One Eclipse, Two Rotator Cuffs in Trouble

eclipseWhen the eclipse came last week, I feared my life was in eclipse as well.
I had just received an MRI report that found tears in the tendons and muscles connected to my left arm’s rotator cuff. Two days before, I was informed about an earlier MRI, of my right shoulder, that found the same situation.
Two shoulders, two rotator cuffs—was I in trouble!
Ahead were two operations. And what an operation rotator cuff surgery involves! I went to Google—often depressing I’ve found, when seeking information about a medical problem.
One website said that a rotator cuff operation, even if done arthroscopically can take 2-2 ½ hours. Then that arm needs to be immobilized for weeks, kept in a sling. Another site said to sleep in an easy chair for a time so as not to put pressure on the shoulder.
There would be post-operative pain.
And three to six months of rehabilitation; twice for me
Farewell Prius. Forget driving for a year. How would I be able to work as a professor at SUNY/College at Old Westbury? How would I write this column? I do TV, too. How would I manage that?
All this was in my mind as the eclipse neared.
I went to the post office and there was Rabbi Berel Lerman of the Chabad North Haven in the Hamptons. The Chabad just established a Center for Jewish Life across the street. He asked whether I would like to see this new center.
It was impressive. Rooms for teaching and displaying art, and a beautiful sanctuary.
I told the rabbi about my dilemma. He took me into his study and we prayed. Afterwards, he said maybe my problem could be handled without surgery. I said I wish it could.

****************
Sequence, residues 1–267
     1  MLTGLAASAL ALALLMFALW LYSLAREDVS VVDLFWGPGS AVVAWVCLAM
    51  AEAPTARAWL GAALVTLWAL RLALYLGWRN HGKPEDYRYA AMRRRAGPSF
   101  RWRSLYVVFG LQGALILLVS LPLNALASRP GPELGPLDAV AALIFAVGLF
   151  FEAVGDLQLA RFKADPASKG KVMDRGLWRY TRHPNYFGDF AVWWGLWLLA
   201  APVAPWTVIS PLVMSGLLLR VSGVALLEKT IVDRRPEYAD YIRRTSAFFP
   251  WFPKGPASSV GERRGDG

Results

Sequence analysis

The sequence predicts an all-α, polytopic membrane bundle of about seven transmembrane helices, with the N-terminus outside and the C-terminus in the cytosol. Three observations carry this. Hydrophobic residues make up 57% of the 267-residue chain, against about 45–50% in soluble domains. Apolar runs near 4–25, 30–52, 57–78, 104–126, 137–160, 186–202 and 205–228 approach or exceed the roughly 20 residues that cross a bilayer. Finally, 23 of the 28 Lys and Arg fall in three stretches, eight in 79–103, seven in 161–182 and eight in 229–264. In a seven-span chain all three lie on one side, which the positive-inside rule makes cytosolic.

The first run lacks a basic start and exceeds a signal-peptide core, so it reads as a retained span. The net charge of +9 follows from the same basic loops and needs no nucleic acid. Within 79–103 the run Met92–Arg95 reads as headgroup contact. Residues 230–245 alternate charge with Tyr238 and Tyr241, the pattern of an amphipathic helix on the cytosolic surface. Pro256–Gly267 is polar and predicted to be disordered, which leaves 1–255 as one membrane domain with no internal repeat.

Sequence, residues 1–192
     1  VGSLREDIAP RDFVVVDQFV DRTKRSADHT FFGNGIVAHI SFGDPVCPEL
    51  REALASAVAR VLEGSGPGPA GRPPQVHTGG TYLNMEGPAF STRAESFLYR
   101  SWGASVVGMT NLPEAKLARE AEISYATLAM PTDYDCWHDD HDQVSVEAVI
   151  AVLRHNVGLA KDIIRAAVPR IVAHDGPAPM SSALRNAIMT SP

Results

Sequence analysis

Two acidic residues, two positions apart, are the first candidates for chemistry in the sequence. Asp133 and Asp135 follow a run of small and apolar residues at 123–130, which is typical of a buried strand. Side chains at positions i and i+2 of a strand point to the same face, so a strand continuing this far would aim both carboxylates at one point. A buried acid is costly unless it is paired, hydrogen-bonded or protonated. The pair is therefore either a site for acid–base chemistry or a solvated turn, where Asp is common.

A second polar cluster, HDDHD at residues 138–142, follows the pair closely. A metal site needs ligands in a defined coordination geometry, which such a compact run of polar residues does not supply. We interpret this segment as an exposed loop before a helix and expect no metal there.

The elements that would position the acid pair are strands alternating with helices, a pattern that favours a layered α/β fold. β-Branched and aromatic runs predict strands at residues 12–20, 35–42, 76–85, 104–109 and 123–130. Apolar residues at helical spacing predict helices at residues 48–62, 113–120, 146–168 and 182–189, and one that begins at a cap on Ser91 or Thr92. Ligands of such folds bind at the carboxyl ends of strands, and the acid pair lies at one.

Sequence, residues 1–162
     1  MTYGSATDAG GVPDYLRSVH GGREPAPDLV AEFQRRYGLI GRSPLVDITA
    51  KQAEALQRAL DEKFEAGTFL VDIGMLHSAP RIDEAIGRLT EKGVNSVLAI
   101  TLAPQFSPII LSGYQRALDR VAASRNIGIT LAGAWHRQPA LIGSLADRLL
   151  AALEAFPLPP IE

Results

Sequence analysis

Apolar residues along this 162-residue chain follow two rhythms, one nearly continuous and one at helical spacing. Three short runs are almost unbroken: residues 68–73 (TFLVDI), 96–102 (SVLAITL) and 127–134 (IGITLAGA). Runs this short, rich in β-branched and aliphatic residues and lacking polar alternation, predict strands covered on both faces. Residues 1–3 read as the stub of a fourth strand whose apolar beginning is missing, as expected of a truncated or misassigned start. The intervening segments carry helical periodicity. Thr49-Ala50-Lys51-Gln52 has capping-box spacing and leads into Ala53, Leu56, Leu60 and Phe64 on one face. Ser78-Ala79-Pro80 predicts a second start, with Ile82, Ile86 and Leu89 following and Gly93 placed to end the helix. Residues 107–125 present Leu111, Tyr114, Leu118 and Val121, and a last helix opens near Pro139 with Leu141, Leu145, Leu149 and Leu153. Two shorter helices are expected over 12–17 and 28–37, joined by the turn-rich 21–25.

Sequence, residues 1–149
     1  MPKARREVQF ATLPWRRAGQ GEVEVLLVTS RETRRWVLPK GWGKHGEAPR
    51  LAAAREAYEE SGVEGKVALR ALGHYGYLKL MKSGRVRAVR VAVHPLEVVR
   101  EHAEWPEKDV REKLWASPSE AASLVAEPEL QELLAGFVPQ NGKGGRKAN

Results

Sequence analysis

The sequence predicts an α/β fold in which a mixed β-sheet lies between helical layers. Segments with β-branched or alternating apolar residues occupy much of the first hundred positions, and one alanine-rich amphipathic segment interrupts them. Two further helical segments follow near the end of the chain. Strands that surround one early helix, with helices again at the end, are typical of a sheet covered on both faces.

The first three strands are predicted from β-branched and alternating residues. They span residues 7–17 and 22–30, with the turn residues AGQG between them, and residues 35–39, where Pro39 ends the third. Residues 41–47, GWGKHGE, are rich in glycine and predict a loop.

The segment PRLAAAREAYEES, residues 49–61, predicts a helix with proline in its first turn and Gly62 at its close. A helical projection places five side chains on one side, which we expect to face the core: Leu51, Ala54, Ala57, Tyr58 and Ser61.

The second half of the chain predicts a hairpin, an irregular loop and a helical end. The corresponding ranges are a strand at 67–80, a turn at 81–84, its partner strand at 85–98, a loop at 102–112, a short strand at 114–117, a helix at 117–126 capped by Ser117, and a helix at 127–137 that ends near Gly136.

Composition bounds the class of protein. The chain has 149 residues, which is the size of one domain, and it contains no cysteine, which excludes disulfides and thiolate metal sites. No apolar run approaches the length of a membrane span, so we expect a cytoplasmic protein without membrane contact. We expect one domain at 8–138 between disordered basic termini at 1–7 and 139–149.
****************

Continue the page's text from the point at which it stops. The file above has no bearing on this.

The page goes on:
I went next to the front steps of the reconstructed library where people had gathered for the eclipse. I figured the friendly folks in my community would share those hard-to-obtain eclipse glasses. They did.
Then I walked in that midday twilight back to my car—believing my life in eclipse, too.
Until the next day. Then I sat with Dr. John J. Brennan, an orthopedic surgeon to whom I was referred.
Dr. Brennan and his compassionate assistant, Sean O’Came, heard my story, examined me and studied the MRIs. Dr. Brennan explained that at my age—75—tears in tendons and muscles linking to rotator cuffs are not unusual. Indeed, he told about a study of hundreds of men who had no shoulder problems in which 25% of those in their 60s were found to have rotator cuff tears and 50% of those in their 70s had torn rotator cuffs.
Because I still have basically OK arm movement and minor occasional pain, he said no surgery was needed! My loving wife of 56 years and I listened to him in amazement and thanksgiving.
My eclipse, a day after the big one, suddenly passed.

Filed in: Suffolk Closeup

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